How to Record Audiobooks

 

Audiobooks

Carefully read everything on this page. 

Congratulations, it's time to record your book! Here's a reminder of prices. 

  • As of 4/30/2020 the prices are as follows:
  • Self Recording: $300 for under 80k words. $100 for every 10k after 80k. this money is for our sound engineer to edit the audiobooks sound quality and ensure it meets publishing standards. All royalties we get on the book once published will be paid back to you to cover that $300 plus an extra $50. After you've been paid back $350, pricing will return to what's in your contract. 
  • Hired voice actor: approximately $700 for under 80k words. $200 for every 10k after 80k, this price is just and estimate as it depends on the rate of the narrator that you choose. Narrators can cost between $100 to $1000 per finished hour of audio. If your book is about 30k words you are looking at about 3.5 hours of finished audio. We strive to hire narrators at about $100-$200 per finished hour--but there are other narrators at higher price ranges you may like more.  

 

Audiobook Recording Procedures: Author Self-Record

Recording Setup

This is one of the most important aspects of creating a quality audiobook. If your audiobook does not sound great, people will not listen to it—plain and simple.  

  • Proper Mic Setup, once you've purchased your mic and have it in hand, you will need to set it up following these instructions: Audiobook Set Up.   
  • Sound: The idea of any great audiobook is to sound as if you're talking to a friend. Sometimes that means you'll need to read a paragraph or two out loud before you start recording to get out any nerves. If you feel yourself going too fast, you can pause and start again. We can take pauses out, however, we CAN'T add pauses, so if you're going too fast, we can't fix that in editing. Every time you record leave 5 seconds of space at the beginning and end of each recording. You also want to maintain the same speed throughout the book. It's very jarring for readers to jump from one recording to another if speed, sound, or volume, etc. aren't the same. It's the kind of thing that can and will make people stop listening.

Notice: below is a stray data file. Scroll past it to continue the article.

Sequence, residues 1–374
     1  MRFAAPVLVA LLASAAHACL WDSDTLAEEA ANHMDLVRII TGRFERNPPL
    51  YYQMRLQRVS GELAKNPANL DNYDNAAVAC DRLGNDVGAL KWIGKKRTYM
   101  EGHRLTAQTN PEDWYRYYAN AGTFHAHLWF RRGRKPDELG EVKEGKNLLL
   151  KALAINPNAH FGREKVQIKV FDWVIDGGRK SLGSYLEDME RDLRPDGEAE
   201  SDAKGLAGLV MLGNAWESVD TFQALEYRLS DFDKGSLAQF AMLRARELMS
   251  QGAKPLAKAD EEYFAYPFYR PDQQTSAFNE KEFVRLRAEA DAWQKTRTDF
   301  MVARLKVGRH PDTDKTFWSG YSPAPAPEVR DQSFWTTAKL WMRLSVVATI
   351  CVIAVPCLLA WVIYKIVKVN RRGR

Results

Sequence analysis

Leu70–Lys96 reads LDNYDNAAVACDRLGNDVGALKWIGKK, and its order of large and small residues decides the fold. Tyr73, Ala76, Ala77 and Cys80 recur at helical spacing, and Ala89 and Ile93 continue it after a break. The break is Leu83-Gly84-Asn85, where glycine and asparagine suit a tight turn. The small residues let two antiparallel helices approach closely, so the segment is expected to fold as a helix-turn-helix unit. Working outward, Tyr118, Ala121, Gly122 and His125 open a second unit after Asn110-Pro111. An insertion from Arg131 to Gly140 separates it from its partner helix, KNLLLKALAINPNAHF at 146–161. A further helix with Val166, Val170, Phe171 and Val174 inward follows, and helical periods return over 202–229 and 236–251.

• Location is the most important thing to consider when setting up your mic. The best location is in a closet that is full of clothes, carpet, and soft surfaces. The soft surfaces absorb bouncing sound and will give you the best result. There should not be any metal or glass in the closet--think shelves, picture frames, windows, etc. If you do not have a closet big enough to record in, then you can build a blanket fort (no, we’re not kidding) or a little room out of couch cushions. The quality of your recording means that people will be able to focus on the content of your book. Here are some resources on how to build inexpensive recording booths for the best sound possible. 
  • Simple Sound Booth Setups

          Cushions

          Small Closet

  • Sending a Sound Sample Once you have your booth set up or have settled in a closet, record a 3 minute sample and email it to eclark@cedarfort.com. We will listen to your recording and give feedback. DO NOT continue recording your book until you get feedback. If the sound isn't good, you may have to re-record and it's a lot easier if you only have to re-record a sample instead of multiple chapters.
  • What you can expect feedback for: Diction, flow, breath control, monotony, and volume. Each of these will be explained below. Reading quality is the second most important factor in producing a professional audiobook.
  • Diction Diction is how accurately you pronounce each sound of a word. Are you leaving out sounds? While this is your book and audiobook, and we do not want to remove your personality, it is important that the listener can understand all the words they hear. Please use the best diction you can while recording.   
  • Flow and Breath Control These two items go hand in hand. If you make a mistake in the middle of a sentence, it is best to repeat the sentence instead of trying to insert the rest. This will ensure that every sentence has a nice flow to it. This doesn't mean stop the recording. She repeat the sentence. Also, prepare for long sentences by taking a large, but not loud, breath. Try to read ahead so you know what tone the sentence should end in. All of these things make for a great audiobook. If you need to repeat a sentence, clap your hands then pause and count to 5 in your head before you start up again. This creates a spike followed by a flat line that will make it easy for the engineer to find your mistakes. Also, mark down in what chapter and at what time the mistake was made for the engineers. Please send a list of all your mistakes to eclark@cedarfort.com when you email to let us know you've completed your book. We'll pass this on to the audiobook engineer.